-Similar measures have been taken and have been effective in courts, prisons, and hospitals.
    -Public Housing: Kimi Gray helped the Kenilworth-Parkside development in finding jobs, getting drugs off the streets, and students going to college.
    -Professional service vs. community care
    -Communities have more commitment to their members than service delivery systems have to their clients.
    -Communities understand their problems better than service professionals.
    -Professionals and bureaucracies deliver services, communities solve problems.
    -Institutions and professionals offer “service”; communities offer “care.”
    -Communities are more flexible and creative than large service bureaucracies.
    -Communities are cheaper than service professionals.
    -Communities enforce standards of behavior more effectively than bureaucracies or service professionals.
    -Communities focus on capacities; service systems focus on deficiencies.
    -The transition to a community-oriented society is not an easy one. There must be some kind of government assistance whether it b funding or regulation. There must also be a leader in the community who is willing to take charge.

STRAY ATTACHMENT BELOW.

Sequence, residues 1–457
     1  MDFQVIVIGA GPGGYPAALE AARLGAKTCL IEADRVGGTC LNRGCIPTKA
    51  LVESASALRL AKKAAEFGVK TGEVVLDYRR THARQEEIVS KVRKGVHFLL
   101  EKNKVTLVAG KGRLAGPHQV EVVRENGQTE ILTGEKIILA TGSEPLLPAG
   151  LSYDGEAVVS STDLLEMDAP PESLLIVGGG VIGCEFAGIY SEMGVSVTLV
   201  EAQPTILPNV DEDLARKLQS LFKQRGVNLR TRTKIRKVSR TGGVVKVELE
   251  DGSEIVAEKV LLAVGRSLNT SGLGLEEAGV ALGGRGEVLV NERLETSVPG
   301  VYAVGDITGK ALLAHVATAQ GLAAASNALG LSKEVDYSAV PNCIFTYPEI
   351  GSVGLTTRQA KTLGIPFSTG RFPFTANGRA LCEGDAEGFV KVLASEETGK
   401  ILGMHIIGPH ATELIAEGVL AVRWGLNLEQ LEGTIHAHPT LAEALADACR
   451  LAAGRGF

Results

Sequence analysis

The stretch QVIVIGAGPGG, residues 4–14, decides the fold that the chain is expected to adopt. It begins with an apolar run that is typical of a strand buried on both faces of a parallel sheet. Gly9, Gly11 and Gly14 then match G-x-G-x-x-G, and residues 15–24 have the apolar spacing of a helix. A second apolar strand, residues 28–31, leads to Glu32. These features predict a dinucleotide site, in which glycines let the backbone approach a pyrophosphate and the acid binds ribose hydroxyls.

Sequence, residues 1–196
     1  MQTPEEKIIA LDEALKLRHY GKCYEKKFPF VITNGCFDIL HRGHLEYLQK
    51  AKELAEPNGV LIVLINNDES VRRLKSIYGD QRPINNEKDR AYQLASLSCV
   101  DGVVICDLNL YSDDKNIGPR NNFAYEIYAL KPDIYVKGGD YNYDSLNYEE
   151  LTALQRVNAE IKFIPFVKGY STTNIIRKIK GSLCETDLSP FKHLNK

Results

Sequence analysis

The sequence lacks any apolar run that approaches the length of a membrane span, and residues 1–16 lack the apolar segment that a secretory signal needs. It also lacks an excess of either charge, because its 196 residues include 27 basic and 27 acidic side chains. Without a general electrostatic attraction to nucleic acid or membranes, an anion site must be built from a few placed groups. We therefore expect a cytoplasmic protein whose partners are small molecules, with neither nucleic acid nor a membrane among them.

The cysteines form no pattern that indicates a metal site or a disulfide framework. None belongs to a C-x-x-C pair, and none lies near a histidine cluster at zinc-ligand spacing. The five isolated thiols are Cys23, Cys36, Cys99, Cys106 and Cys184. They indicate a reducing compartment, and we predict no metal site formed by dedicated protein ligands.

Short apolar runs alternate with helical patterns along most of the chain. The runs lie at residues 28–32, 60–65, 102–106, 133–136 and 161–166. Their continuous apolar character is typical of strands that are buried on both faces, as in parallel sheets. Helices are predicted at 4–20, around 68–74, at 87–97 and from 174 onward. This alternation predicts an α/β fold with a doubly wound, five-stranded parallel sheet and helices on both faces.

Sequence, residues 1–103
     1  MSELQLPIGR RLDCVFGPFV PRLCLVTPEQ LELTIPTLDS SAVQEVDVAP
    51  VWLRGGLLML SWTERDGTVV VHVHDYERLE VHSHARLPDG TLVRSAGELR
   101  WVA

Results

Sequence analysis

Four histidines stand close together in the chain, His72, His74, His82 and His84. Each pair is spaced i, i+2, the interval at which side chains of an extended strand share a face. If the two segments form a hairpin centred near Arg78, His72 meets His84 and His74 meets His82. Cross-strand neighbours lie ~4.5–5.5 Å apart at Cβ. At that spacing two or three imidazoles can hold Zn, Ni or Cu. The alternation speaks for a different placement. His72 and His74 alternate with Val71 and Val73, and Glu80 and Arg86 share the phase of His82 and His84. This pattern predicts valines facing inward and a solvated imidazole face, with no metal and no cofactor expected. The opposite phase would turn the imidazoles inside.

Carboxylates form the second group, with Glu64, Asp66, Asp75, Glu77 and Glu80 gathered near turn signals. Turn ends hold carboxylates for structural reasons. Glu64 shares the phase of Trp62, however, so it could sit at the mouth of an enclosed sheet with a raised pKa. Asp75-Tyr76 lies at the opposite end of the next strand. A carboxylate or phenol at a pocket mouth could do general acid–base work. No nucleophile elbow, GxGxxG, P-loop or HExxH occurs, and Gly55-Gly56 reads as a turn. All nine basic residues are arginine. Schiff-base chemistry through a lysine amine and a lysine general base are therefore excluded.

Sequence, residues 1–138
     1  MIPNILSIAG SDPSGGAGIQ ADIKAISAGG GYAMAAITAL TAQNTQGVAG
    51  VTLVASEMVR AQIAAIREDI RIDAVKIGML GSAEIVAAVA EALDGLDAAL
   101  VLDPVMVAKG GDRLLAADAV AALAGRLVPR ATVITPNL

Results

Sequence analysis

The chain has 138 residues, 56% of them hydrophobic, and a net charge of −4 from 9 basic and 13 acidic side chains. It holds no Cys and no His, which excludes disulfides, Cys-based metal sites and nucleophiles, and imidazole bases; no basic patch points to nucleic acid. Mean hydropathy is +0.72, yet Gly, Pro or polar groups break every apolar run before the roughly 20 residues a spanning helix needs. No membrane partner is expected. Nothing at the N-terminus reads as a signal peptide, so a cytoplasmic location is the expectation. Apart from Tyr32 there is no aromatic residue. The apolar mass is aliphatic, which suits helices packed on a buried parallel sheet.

-Also, the government can’t force a community to help themselves. The community must choose to take action. 

    Osborne Chapter 2: Community-Owned Government
    By Amanda Blessing, Fall 2005

    • Houston, Texas 1982 - Black Police Chief Lee Brown desired to change his station’s reputation of racism and brutality. 
    • He started “neighborhood-oriented” policing, which required his officers to take in active role in the community, such as getting to know families, the PTA, churches, and businesses. This makes public safety a community issue, not a momentary one. 
    • Empowerment is an American tradition; people take more responsibility when they are doing something for themselves.
    • However, dependency has been created. Client hood- we are defined by our bureaucracies. 
    • Urbanization created mass production, which leads to professionals and bureaucracies doing what individuals had done before.
    • 1960’s- neighborhoods fought against city planners, minorities fought for control of Great Society programs. 1970’s- Welfare Rights, public housing control, and a holistic chronic healthcare movements emerged.